"Good morning! Welcome to our company. Your desk's over there. Be sure to see Mary by the end of the day to fill out your paperwork. Have a great day!"
That's no way to greet the candidate you worked so hard to find, on his or her first day on the job! But that's what happens at all too many companies. If you break away from the pack, however, and handle the new hire's first day—or even first week—as an extension of the hiring process, you'll make great strides toward assuring that he or she gets off to the right start . You may even reduce your turnover in the process.
Your goal should be to provide orientation and training to help the new hire slide smoothly into the workings of your operation. Regardless of the person's rank, you owe it to him or her to provide orientation in the following three key areas:
1. "Personnel" orientation. "Be sure to see Mary for your paperwork," "Get your office supplies from Ralph," … these are not adequate introductions. Take the new hire around for a personal introduction to everyone he or she will come in contact with, starting with the immediate circle in the department. But keep in mind that most of these introductions will go by in a blur to the new person. Follow up by providing him or her with a company roster that shows names, titles, extension numbers and office room numbers.
2. "Social" orientation.That can be as simple as making sure the new hire doesn't eat alone on the first day. Whether it's a matter of seeing that someone sits with him or her in the company cafeteria or seeing that he or she is invited to tag along with a group going to McDonald's, this can be essential to acclimating the new hire to the organization's culture. This is not about personalities—the new person will inevitably have to make his or her own way in the organization, proving himself to the department, dealing with cliques, making friends, identifying enemies. But taking a few small steps to help new hires feel like a part of the group should help them do their jobs to the best of their ability. And that's why you hired them, isn't it?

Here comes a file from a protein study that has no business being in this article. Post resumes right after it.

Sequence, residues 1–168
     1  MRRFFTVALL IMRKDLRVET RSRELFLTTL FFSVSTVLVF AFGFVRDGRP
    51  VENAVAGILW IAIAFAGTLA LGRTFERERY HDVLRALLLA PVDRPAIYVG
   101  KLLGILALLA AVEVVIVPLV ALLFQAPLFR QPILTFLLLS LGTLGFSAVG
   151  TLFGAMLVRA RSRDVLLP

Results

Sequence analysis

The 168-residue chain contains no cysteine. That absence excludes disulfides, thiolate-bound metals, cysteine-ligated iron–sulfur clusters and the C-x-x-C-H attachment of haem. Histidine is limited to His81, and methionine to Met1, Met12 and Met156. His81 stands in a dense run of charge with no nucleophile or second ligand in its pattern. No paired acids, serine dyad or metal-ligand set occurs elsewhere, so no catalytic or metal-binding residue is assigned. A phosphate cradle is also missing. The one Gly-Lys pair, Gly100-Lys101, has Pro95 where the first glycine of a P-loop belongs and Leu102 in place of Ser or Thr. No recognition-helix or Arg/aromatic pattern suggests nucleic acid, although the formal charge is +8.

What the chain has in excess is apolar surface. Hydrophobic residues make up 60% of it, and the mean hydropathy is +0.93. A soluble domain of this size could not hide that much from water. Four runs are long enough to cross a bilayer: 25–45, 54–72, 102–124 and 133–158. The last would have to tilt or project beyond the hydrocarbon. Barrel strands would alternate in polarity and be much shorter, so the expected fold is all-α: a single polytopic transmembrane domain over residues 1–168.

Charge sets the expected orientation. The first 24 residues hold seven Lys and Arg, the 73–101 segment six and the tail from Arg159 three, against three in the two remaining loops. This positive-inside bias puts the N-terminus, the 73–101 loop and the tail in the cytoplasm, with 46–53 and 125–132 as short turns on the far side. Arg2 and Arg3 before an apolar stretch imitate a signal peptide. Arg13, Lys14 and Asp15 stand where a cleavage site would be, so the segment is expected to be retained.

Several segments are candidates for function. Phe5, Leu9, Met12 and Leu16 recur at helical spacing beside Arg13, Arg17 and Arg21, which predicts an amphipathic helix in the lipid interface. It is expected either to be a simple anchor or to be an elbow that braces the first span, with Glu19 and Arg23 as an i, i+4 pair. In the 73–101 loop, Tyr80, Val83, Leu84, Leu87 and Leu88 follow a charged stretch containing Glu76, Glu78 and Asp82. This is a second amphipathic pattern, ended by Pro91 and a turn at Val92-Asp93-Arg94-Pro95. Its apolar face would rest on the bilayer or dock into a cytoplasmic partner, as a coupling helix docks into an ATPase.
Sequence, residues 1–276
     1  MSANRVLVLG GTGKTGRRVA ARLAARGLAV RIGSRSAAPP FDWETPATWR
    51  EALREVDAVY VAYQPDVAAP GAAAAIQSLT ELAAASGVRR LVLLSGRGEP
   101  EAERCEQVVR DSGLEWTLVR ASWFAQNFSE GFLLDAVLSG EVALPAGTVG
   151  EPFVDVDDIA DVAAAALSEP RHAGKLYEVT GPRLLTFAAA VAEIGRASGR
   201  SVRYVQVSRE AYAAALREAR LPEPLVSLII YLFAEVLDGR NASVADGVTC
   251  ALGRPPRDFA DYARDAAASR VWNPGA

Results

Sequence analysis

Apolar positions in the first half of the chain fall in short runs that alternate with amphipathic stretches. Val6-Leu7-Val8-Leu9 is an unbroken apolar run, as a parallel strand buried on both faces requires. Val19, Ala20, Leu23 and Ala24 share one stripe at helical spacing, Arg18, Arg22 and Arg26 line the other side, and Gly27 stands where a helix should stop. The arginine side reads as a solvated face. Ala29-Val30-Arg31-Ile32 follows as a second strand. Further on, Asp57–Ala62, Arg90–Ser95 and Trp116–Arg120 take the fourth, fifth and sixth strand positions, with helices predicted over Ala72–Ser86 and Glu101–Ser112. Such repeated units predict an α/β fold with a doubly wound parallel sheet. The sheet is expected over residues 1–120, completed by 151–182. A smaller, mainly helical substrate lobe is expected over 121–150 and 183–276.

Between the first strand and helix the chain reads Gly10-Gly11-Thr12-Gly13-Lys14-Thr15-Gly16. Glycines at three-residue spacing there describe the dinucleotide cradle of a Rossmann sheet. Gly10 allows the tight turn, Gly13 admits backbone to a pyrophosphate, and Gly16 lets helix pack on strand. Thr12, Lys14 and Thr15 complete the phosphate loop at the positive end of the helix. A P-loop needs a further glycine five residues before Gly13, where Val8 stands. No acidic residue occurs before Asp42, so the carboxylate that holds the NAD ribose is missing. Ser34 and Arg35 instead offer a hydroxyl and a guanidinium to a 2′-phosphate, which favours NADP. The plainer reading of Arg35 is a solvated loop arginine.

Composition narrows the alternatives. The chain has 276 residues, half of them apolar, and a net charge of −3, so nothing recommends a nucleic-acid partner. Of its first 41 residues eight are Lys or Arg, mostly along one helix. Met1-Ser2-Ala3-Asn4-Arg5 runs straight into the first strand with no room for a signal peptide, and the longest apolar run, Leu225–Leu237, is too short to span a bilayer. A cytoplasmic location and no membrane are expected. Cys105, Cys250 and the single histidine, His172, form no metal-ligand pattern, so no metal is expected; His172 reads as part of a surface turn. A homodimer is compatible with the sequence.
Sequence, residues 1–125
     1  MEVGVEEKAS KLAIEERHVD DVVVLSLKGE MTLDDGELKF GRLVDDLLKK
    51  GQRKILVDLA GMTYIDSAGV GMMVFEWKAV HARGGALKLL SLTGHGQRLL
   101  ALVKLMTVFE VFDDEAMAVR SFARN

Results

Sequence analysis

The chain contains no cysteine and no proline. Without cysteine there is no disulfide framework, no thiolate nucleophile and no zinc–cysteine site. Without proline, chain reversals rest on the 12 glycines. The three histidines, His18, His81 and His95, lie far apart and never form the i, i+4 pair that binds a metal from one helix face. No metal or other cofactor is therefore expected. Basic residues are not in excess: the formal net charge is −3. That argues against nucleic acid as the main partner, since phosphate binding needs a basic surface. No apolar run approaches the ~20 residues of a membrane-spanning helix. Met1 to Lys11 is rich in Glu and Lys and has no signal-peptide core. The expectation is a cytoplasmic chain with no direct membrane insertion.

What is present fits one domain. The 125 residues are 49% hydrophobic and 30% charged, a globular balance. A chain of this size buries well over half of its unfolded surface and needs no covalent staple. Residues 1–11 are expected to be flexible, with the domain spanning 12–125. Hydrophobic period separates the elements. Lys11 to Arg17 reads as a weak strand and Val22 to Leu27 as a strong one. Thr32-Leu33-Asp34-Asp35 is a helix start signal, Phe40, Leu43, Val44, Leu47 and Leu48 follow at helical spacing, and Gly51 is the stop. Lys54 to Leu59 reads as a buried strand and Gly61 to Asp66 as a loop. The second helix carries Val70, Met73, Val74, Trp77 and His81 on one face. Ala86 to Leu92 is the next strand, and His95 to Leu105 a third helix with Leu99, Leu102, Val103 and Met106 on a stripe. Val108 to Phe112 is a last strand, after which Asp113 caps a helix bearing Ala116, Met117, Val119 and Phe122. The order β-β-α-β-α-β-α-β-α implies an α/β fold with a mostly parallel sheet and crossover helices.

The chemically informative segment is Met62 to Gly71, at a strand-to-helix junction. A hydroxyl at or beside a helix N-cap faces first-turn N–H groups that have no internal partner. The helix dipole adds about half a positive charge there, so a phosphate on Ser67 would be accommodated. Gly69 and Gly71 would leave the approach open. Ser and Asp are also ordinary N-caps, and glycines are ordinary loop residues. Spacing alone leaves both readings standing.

3. "Physical" orientation. Designate someone to show the new person around—pointing out the bathrooms,the water fountain, the coffee machine, the cafeteria or lunch area,and the lockers and time clock (if appropriate). Point out the supervisor's office as well as the president's office. (How embarrassing would it be to be told the president of the company wanted to see you and you had no idea where to find him/her?) If your company is spread out over several floors or buildings, supply a floor plan or map if possible. Show him where you keep completed job orders, bills of lading or the keys to the forklifts, as appropriate.
Don't forget the computers.
Get someone with technical expertise to spend time to orient all new hires to your computer system. Make certain the LAN administrator has logged them onto the network and get them a password as soon as possible. Provide any other codes and passwords that may be necessary, such as copy machine codes. Pay special attention to the phone system. Every system is different, so you'll almost certainly need to show the new hire how to get an outside line, how to pick up voice mail, how to work the intercom and so forth.
All this takes time, to be sure, but the payoff can be big. If you see to it that every new hire receives the proper orientation, you'll probably find you won't have to go through the hiring process as often.